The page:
Al Edmondson is worried about the election. His “Earn My Vote” Facebook page and YouTube channel feature interviews with local politicians filmed at A Cut Above the Rest, the five-chair barbershop he owns in Columbus, Ohio, its walls decorated with scenes from African-American history. “I take out my tablet and ask them, ‘What are you going to do to help our neighborhoods?’” Edmondson says. “We hold them accountable.”
A veteran of the first Gulf War who still wears the high-and-tight fade, Edmondson’s whole being rebels at the idea of remaining on the sidelines. “I just held a big back-to-school rally about health care. We offered blood-pressure screenings for families. Taught young people to do hands-on CPR.” In August, “we had a basketball game between rival high schools. To get a ticket, you had to be registered to vote.”
In 2008, Edmondson was part of the massive get-out-the-vote effort that gave Barack Obama a 100,000-vote lead in Columbus—a margin that increased by 17,700 votes four years later, when Obama won Ohio by just 103,000 votes. But this year Edmondson doesn’t see the same excitement—or organization. While he’s as active as ever, his customers are another story. “They’re not gonna say it, but a lot of them… they’re gonna sit at home.”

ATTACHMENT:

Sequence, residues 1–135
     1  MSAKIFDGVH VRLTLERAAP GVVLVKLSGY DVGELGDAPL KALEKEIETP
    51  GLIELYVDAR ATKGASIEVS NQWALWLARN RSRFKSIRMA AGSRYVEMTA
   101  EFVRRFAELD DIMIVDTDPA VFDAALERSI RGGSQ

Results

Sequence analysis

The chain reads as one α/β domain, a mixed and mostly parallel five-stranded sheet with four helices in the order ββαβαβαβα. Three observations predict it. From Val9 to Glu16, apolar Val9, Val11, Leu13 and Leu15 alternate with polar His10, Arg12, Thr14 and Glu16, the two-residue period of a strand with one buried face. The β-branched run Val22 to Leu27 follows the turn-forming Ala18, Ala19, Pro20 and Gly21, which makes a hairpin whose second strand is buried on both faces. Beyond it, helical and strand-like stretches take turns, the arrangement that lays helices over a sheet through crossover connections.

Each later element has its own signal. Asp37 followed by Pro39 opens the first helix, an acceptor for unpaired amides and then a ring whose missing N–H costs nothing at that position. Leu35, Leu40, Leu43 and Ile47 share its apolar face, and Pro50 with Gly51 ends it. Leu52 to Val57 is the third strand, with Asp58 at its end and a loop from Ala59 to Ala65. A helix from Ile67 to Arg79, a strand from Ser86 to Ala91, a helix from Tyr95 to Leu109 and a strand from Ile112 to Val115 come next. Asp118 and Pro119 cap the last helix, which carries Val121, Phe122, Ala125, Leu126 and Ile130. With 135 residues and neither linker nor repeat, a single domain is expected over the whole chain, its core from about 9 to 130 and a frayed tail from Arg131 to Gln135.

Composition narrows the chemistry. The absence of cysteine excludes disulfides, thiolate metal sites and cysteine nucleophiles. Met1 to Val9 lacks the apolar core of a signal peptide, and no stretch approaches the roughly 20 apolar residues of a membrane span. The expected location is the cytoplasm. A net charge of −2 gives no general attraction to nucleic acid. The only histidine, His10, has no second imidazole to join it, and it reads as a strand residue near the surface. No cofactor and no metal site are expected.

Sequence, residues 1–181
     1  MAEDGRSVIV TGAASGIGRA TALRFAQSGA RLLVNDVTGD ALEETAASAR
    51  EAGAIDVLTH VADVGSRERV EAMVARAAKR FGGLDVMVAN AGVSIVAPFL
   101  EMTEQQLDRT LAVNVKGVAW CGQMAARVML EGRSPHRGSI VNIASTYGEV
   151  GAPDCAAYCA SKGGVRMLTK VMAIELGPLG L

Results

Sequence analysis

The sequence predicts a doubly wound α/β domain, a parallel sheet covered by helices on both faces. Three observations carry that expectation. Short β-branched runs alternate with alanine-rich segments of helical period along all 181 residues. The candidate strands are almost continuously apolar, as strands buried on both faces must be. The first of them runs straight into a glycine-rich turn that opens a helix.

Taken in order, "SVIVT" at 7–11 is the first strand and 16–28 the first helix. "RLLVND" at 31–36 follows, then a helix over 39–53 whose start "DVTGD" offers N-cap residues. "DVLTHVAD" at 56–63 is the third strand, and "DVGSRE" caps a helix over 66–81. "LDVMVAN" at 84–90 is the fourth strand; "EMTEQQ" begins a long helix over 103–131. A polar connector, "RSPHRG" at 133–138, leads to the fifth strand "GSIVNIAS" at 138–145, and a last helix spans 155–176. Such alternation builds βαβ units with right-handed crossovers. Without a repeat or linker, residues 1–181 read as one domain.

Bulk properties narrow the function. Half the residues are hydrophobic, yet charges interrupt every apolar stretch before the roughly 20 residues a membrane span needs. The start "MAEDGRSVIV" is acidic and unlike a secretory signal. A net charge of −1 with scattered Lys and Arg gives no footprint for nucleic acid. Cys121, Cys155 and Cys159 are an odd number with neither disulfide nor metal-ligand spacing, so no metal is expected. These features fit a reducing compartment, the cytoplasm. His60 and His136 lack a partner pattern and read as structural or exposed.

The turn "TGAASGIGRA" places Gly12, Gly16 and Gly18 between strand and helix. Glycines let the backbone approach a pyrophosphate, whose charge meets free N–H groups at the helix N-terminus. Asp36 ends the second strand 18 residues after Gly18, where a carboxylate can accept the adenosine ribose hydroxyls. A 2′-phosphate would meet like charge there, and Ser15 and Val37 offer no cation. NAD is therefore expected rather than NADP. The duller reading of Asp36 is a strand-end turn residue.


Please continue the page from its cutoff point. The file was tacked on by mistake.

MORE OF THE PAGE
I hear the same worry on the other side of town. “If you asked me two weeks ago, I was so confident,” says Anne Jewel. “But I live in an upper-middle-class part of Columbus, and there’s one Hillary sign on my block. Just one.” In Cleveland, Caitlin Johnson, cofounder of Clevelanders for Public Transit, tells me that in 2008 and ’12, “Obama’s people were everywhere. It just isn’t the same.” In Cincinnati, Robert Miles, chairman of Communities United for Action, a neighborhood group, says, “In 2012, you saw a lot of canvassers. I haven’t seen that this time. Instead, a lot of younger people give you the argument that voting isn’t worth it.”
In Ohio, as elsewhere, Clinton faces two principal opponents. One of them is Donald Trump. The other is despair.
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Ohio gave Hillary Clinton two primary victories, and her husband won the state in 1992 and ’96. But in this year’s general election, she’s in trouble. On paper, Ohio should still be Clinton country. Yet as David Pepper, chairman of the Ohio Democratic Party, admits, “Everyone’s been watching her postconvention lead unwind.” Ahead by five points in August, Clinton has been chasing Trump in Ohio since early September—when she consigned half of his supporters to “a basket of deplorables,” only to briefly become a basket case herself a few days later, after she was filmed stumbling into a van leaving a 9/11 memorial service in New York.